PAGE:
We’ve already showcased some of Guen Douglas’s tattoo designs in a blog post last year. But recently, this prolific Berlin-based artist has gone public with another form of creative expression: an Instagram account filled with unique comics. Guen Douglas told us more about her affinity for Gary Larson, the intersections of tattoo and comic designs, and what it feels like to make art in times of a global pandemic.
The Instagram account tolarsonwithlove doesn’t have many entries yet, but each of them presents an extremely imaginative take on a particular aspect of reality. Whether it’s a blissful illustration of an intimate self-care moment, or a visual satire referencing present crisis, the comics by Guen Douglas grab one’s attention with their narrative and, not unlike her tattoo designs, invite one to admire the details.
Visual arts have lived through quite the revolution since the digital age. The possibilities to bend images to your will by changing a few numbers in a computer are practically infinite. Today, we don’t even have to use a computer anymore, as we can create stunning artworks with the help of apps on our phones.
One of the most curious developments of digital art, though, comes from artificial intelligence. Artworks done by AIs have been around for some years but really started to become a thing back in 2018 when auction house Christie’s in New York sold a piece for almost half a million by an AI called “Obvious” that was programmed by a collective from Paris. It’s an exciting concept, trusting programs and algorithms to create something that we humans can emotionally connect to.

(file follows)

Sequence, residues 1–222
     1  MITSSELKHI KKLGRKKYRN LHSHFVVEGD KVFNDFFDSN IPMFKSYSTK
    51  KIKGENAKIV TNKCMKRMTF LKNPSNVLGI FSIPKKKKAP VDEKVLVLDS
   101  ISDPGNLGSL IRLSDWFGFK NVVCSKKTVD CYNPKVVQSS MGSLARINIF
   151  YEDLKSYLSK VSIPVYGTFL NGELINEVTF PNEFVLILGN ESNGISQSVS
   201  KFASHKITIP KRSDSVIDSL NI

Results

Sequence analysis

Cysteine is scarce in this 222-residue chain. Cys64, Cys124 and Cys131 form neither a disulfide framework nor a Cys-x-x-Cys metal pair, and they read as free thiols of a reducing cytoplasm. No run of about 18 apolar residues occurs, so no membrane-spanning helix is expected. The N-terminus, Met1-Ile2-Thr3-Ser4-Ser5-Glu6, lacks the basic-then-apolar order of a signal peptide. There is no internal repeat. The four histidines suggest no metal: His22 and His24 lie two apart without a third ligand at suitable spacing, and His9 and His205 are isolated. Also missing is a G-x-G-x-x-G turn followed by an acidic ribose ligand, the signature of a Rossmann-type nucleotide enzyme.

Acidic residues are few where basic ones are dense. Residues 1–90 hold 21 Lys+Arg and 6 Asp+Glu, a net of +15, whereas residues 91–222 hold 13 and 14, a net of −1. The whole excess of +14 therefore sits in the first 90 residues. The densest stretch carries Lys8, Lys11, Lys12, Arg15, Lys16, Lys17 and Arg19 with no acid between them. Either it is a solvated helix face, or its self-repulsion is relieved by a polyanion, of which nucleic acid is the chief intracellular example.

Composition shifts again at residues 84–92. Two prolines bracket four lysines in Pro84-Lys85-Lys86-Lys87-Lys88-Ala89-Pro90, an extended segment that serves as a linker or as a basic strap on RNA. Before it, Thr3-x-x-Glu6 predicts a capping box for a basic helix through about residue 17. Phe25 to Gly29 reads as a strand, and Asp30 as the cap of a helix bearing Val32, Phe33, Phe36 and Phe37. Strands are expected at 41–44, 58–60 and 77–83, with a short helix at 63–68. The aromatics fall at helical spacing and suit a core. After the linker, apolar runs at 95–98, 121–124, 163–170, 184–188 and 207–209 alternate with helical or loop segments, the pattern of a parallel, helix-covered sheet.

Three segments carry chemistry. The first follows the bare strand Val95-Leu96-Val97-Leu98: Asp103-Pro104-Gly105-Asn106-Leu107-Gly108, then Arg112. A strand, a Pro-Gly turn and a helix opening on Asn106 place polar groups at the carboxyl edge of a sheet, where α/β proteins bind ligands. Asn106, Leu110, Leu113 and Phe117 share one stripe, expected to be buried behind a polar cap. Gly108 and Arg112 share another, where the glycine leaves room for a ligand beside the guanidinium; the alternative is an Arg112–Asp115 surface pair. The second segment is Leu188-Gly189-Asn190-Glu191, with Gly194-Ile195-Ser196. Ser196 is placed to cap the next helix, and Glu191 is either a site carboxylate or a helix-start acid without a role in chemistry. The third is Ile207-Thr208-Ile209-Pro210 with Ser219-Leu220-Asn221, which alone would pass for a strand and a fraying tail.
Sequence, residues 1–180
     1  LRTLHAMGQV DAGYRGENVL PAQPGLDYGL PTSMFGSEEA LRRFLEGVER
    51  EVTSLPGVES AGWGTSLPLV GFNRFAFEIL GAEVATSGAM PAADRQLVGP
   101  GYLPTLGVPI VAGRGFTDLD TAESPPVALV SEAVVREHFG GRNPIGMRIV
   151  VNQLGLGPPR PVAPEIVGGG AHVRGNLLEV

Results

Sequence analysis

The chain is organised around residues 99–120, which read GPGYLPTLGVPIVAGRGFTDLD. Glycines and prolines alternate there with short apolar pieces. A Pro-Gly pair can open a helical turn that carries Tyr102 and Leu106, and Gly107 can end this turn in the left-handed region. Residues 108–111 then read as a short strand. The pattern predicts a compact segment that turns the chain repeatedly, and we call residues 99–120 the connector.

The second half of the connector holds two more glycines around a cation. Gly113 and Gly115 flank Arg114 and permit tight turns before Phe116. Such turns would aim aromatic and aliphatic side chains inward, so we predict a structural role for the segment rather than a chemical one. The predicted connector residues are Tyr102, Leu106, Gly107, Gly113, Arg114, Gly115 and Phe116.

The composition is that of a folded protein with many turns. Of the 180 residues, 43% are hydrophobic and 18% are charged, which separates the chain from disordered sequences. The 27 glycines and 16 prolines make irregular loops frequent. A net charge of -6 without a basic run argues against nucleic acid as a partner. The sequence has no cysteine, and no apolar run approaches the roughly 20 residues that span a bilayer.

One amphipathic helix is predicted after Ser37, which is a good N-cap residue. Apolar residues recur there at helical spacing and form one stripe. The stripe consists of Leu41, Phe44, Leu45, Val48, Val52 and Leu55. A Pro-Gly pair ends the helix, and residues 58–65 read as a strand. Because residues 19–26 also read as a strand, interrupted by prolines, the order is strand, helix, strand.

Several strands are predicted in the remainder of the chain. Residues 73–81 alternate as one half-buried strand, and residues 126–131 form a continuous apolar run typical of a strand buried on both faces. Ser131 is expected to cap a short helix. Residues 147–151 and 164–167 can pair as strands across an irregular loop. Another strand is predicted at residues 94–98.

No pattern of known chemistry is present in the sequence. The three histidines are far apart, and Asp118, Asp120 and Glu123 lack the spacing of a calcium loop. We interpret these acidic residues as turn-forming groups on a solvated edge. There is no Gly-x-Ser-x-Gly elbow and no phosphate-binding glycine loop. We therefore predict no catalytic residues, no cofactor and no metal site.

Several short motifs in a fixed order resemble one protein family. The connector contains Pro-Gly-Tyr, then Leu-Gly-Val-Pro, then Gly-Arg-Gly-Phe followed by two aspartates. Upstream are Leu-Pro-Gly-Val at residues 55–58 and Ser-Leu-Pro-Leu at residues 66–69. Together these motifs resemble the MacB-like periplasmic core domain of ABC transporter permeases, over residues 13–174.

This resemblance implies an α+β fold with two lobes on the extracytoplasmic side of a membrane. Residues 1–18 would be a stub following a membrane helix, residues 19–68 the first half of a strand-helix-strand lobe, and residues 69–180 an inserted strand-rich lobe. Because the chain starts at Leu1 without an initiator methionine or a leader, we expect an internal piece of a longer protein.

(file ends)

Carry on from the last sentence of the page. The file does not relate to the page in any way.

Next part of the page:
photos: Red Rubber Road.
One of our Uncensored Berlin artist duos has come out with a photo series that could not be more fitting for our current situation. It was actually done years before the pandemic and is part of the ongoing project Red Rubber Road by photographers AnaHell and Nathalie Dreier.
Back in 2018 Ana suffered from a serious illness and was kept in quarantine in the infectious disease isolation ward at the military hospital in Berlin for several weeks. Visitors had to wear protective gear which created quite the nightmarish atmosphere. This also inspired the idea to continue their Red Rubber Road series right there in the isolation ward on one of Nathalie’s visits. The staged self-portraits have a quite playful and humorous vibe which helped them to lighten up the oppressive mood.
The artists decided to release the series in light of the current situation to show the optimism that creativity can provide during moments of disease and isolation.
Jorinde Voigt, KÖNIG GALERIE, photo: Roman März
Because of the general lockdown caused by the coronavirus, the entire world has recently become increasingly dependent on the wonders of the Internet. But even Netflix can get boring after some time. Luckily, many Berlin artists and institutions make their collections and performances available online – so you can finally go to that museum or gallery you’ve always been intrigued by but never visited!
In the last couple of days, things have been moving really fast. Every day the situation concerning the virus outbreak seems to get more serious. But the more time we spend at home in self-quarantine, the more time we have to think about the repercussions, not only on our social life but also the economic effects this new situation might have on some parts of our society.